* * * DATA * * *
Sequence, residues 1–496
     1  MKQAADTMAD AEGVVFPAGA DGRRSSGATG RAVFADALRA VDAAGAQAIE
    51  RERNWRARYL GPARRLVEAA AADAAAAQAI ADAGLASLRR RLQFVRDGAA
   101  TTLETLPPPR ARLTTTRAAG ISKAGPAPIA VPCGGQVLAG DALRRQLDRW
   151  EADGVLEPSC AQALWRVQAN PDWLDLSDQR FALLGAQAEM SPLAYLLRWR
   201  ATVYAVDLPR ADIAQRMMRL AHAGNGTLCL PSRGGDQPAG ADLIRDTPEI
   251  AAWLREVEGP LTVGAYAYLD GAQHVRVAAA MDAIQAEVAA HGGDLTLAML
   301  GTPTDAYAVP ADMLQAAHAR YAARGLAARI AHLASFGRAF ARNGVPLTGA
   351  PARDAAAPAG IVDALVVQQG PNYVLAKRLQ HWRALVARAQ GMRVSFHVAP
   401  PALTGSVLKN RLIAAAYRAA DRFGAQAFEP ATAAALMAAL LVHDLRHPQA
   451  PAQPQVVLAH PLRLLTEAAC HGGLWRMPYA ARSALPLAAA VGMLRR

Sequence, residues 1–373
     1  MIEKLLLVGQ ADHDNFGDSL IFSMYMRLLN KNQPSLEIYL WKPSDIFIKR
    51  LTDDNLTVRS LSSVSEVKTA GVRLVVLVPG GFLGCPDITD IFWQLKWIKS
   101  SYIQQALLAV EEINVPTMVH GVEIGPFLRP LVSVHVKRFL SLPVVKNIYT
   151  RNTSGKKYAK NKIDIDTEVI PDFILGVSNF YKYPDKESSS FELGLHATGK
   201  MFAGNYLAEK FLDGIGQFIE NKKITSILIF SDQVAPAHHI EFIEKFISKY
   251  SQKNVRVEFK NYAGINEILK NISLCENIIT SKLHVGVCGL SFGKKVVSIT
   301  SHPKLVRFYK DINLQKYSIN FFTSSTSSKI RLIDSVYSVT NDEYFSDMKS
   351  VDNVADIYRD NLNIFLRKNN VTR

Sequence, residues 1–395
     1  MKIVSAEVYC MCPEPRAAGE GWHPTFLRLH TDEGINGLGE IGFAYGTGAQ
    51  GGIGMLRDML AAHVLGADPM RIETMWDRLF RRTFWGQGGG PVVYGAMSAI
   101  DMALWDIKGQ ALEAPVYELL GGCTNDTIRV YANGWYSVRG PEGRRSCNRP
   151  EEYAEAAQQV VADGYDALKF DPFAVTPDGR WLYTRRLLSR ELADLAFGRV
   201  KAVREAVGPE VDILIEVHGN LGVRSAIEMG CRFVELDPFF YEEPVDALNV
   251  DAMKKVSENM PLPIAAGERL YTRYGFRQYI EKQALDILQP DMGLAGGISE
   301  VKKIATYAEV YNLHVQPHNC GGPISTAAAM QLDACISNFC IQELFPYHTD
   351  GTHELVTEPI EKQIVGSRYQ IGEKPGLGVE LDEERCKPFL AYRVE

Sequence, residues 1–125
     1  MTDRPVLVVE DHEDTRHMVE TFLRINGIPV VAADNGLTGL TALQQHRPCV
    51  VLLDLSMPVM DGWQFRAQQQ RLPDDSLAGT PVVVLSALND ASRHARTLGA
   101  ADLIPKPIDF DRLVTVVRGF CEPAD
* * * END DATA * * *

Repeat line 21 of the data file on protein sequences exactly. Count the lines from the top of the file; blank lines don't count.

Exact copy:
Sequence, residues 1–395